Date(s) - 28/09/2021
10:00 am - 11:00 am


A conversation with Researchers, International Practitioners and Participant

Join us at our webinar to hear how international anti-trafficking practitioners have adapted their responses to the unprecedented challenges of COVID-19 and in particular, the role of faith actors during a time of crisis on Tuesday 28th September, 10am-11am GMT.

We will share critical learnings from the new research report: How has the International Anti-Trafficking Response Adapted to COVID-19?


  • Tina Dedace – President of SHE Works, a local organisation in the Philippines supporting trafficked survivors
  • Dr. Nehemiah Bathula and Ezra Bathula – both who run a house church in India and responds to modern slavery and human trafficking
  • Caleb Ng’ombo – Executive Director at People Serving Girls at Risk, a local sex trafficking abolitionist organization in Malawi

Click here to register

This month we speak to Miriam Mueller, Head of Social Department for ICF Cambodia – one of our newest members.

Welcome to JLI Miriam! What can you tell us about ICF Cambodia?

International Christian Fellowship (ICF) was originally founded in Switzerland. Our main focus is to spread the gospel. However, after seeing the needs of the communities we serve, the founders of ICF decided they wanted to also serve people in a practical way. That is why, in 2014, we established ICF Social.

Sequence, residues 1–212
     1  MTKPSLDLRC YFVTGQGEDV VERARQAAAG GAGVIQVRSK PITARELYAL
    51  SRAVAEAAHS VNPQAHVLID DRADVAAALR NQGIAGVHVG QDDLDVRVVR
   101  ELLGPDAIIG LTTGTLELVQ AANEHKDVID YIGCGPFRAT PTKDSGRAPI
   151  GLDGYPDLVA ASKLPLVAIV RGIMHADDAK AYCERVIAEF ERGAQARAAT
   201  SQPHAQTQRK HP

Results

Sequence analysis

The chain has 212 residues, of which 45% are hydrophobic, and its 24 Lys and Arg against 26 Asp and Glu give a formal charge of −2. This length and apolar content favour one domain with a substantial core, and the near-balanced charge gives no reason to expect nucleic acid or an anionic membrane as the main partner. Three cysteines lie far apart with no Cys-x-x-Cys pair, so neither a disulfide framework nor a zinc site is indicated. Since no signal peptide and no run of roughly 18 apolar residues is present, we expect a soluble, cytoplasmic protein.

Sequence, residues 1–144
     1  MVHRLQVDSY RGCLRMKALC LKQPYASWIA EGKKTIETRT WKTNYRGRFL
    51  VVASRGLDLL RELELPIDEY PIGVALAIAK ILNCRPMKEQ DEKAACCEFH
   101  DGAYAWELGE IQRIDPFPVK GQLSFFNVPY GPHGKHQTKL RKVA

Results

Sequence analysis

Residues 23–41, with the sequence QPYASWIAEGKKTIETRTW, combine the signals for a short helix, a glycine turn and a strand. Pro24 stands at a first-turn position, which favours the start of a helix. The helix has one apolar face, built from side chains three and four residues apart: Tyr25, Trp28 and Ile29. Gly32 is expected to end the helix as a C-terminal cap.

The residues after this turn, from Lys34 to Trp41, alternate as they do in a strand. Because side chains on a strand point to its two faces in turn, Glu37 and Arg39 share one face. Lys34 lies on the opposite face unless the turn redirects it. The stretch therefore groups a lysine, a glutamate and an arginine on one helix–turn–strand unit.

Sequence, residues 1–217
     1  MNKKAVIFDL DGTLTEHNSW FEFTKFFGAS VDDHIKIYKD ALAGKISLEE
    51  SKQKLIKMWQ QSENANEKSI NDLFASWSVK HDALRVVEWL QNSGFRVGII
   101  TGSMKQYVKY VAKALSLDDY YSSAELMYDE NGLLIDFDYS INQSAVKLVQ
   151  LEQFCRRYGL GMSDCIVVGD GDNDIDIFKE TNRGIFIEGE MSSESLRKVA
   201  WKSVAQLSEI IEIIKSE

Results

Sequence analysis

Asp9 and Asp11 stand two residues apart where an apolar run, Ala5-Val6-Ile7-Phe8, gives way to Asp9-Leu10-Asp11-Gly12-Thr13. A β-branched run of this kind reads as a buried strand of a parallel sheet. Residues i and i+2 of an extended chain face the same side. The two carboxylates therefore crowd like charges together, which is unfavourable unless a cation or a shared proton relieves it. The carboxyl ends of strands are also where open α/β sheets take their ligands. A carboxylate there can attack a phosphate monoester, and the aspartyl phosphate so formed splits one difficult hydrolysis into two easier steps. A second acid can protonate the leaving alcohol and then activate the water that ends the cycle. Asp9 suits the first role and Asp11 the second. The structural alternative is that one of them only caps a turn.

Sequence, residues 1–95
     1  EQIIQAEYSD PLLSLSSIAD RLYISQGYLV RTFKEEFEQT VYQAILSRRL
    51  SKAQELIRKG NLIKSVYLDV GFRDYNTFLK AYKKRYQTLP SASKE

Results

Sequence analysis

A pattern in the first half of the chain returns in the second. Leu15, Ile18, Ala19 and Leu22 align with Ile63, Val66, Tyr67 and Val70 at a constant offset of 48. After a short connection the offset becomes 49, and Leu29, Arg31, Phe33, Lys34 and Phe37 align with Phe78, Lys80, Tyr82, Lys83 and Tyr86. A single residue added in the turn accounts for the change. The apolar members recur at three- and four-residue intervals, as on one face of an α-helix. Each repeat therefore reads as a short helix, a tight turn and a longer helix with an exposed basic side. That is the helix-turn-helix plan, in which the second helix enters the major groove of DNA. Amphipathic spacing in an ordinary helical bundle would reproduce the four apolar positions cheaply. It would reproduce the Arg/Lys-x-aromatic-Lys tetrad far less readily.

In ICF Social we focus on two main pillars: the community campus and outreach work. In Cambodia, there are few places which are safe for youth and teenagers to go. In tourist areas, children are at particularly high risk of being drawn into drugs or prostitution. As such, ICF Cambodia has created a community campus where we invite children, teenagers and families to learn and play in a safe environment, access education, and discover their God-given purpose in life.

In our outreach work, we connect with currently around 250 families on a regular basis; supporting family member suffering from abuse and neglect, but also providing prevention work such as training on healthy relationships and education awareness.

Photo Credit: ICF Cambodia

What role do you think faith actors should play in issues of social justice, human rights and community resilience?

ICF Cambodia is a Christian organisation. We believe in scripture regarding how to treat and help the poor. The Bible is very clear that we should be practical in serving the poor.

When we saw the needs of the community, we realised we could not be silent. Like every other organisation that works in these areas, we face many practical and ethical challenges in delivering the work. However, we believe that any challenge we face is worthwhile – because if you are a Christian, you cannot separate social justice from your work, no matter how big the struggle is. I personally believe that God is the ultimate healer, and this is one more reason why I believe you should combine community work with the gospel.